Audi recalls over 52,000 cars; fuel lines can leak

In this file photo, visitors look at an Audi S8 car at Auto China in Beijing, April 20, 2014. (REUTERS)
Updated 19 December 2017
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Audi recalls over 52,000 cars; fuel lines can leak

DETROIT: Audi is recalling more than 52,000 luxury cars in the US and Canada to fix fuel lines that can leak and increase the risk of a fire.
The recall covers certain A6 and A7 cars from the 2012 through 2014 model years.
The Volkswagen luxury brand said in government documents that the fuel lines have a compression point to make them easier to install. But over time, that point can weaken and may leak fuel.
The documents posted Tuesday by the National Highway Traffic Safety Administration say the cars were made between Jan. 25, 2011 and Sept. 13, 2013. Audi says no fires or injuries have been reported.
Owners will be notified starting Feb. 5. Dealers will replace the faulty fuel lines.


Tesla production leader Doug Field exits company

Tesla produced 5,000 of its Model 3 cars, along with a combined total of 2,000 Model S and Model X vehicles. (AP)
Updated 03 July 2018
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Tesla production leader Doug Field exits company

SAN FRANCISCO: Tesla on Monday confirmed that the head of Model 3 production, who went on leave after chief executive Elon Musk took over his duties, will not be returning.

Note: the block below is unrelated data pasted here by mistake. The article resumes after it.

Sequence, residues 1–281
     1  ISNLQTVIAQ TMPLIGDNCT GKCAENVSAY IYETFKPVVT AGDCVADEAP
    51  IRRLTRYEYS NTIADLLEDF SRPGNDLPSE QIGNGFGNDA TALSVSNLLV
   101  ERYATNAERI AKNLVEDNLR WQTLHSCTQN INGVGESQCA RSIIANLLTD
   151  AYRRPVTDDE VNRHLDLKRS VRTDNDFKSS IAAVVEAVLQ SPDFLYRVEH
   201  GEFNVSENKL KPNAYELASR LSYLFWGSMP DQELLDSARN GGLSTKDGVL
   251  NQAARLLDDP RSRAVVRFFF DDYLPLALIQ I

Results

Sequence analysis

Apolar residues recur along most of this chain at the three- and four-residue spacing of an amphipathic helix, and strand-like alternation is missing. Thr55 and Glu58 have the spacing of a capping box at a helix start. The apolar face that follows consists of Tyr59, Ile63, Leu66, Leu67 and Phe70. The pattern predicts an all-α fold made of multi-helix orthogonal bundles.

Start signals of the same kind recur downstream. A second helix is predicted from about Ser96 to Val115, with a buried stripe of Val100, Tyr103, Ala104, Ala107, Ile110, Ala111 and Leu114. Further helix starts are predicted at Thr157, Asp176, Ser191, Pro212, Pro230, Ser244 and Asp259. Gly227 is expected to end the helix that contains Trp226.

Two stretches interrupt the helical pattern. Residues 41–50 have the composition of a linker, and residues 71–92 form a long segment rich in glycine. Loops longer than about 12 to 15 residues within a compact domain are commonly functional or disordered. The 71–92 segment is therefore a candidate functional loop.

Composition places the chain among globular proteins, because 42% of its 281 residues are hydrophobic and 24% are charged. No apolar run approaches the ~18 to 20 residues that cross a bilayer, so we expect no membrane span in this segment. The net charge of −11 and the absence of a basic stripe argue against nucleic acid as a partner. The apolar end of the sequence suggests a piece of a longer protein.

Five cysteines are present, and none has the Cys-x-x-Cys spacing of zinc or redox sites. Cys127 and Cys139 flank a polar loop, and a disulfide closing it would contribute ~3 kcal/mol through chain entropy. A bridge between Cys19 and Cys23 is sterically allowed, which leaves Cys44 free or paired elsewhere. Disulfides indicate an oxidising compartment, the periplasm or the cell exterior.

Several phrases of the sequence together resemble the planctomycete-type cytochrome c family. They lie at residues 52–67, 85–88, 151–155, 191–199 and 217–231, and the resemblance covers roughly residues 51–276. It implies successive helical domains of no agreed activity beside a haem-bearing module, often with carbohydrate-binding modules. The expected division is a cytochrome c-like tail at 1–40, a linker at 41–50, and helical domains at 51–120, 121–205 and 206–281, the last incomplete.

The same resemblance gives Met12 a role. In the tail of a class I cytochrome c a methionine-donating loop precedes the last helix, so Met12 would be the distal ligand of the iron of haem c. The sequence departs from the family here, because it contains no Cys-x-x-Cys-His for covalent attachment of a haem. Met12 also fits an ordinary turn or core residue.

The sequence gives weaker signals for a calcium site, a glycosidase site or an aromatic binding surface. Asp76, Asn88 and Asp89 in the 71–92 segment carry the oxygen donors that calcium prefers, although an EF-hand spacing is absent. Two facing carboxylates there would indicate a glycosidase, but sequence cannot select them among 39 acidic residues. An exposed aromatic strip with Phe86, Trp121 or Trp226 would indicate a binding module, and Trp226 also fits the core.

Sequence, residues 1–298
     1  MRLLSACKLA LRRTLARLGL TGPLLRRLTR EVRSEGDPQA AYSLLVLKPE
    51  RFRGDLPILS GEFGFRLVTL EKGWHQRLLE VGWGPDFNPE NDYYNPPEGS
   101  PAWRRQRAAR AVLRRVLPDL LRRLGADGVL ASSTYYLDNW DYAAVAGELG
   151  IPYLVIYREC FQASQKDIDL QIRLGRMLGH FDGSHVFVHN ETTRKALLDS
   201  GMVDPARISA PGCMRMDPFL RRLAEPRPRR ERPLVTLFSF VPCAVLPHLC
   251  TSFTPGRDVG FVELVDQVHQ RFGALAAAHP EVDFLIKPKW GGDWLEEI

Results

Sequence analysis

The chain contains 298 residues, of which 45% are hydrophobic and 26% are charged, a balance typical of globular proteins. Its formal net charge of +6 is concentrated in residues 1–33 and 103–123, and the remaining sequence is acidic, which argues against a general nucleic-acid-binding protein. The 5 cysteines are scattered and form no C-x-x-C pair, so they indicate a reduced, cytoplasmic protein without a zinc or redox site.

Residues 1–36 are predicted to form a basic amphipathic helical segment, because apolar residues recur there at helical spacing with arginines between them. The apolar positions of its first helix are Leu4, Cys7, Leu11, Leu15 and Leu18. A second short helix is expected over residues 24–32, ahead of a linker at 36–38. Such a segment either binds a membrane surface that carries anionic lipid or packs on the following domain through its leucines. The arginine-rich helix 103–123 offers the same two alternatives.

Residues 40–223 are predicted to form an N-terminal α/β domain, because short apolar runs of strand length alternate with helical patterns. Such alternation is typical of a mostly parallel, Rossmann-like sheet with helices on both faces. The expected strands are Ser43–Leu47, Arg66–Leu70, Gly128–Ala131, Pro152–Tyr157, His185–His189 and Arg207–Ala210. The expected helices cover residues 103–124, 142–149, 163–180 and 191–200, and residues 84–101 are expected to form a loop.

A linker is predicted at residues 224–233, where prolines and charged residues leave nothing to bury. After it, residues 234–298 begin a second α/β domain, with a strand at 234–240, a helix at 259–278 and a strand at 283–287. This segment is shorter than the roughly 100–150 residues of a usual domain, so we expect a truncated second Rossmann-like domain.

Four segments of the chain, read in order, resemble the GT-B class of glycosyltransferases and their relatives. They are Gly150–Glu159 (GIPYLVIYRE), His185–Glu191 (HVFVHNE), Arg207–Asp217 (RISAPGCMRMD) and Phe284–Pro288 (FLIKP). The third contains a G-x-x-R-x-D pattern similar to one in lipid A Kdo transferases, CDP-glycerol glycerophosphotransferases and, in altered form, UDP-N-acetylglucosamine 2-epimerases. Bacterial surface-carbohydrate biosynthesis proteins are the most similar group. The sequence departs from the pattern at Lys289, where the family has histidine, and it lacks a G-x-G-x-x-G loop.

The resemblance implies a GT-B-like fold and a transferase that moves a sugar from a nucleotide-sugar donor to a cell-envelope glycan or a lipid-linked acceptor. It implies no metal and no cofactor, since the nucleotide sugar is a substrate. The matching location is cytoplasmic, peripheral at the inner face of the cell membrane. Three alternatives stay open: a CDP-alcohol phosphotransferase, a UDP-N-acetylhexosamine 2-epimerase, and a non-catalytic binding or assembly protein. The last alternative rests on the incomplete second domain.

The departure of engineering senior vice president Doug Field came as California-based Tesla appeared to have finally hit a self-imposed goal of cranking out 5,000 Model 3 electric cars in a week.
Tesla co-founder Musk fired off a Twitter post over the weekend saying “7,000 cars, 7 days.”
In a note to investors on Monday, Analyst Trip Chowdhry of Global Equities said that in the preceding week, Tesla produced 5,000 of its Model 3 cars, along with a combined total of 2,000 Model S and Model X vehicles.
Tesla has been under pressure to increase production to show it can operate profitably and at the kind of scale needed to be considered a major auto company.
Musk has been managing the Tesla production line, which has been rejiggered to pump out cars faster.
Field will not be returning to the company, according to Tesla.
“After almost five years at Tesla, Doug Field is moving on,” a company spokesman told AFP.
“We’d like to thank Doug for his hard work over the years and for everything he has done for Tesla.”
Tesla announced in June that it was cutting nine percent of its workforce to enhance profitability, but said the move would not affect an ambitious production ramp-up of its Model 3 sedan.
The job cuts are part of a company-wide restructuring to address excess staff in some areas due to the company’s speedy growth, Musk said in an email to employees.
The cuts concern salaried staff but not production workers and will not affect Model 3 output targets, said Musk, who characterized the downsizing as an acknowledgement of the need to focus more on costs.
“Given that Tesla has never made an annual profit in the almost 15 years since we have existed, profit is obviously not what motivates us,” Musk said in the message.
“What drives us is our mission to accelerate the world’s transition to sustainable, clean energy, but we will never achieve that mission unless we eventually demonstrate that we can be sustainably profitable.”
Shares of Tesla closed the formal trading day down 2.3 percent to $335.07 but regained some of that ground in after-market trades.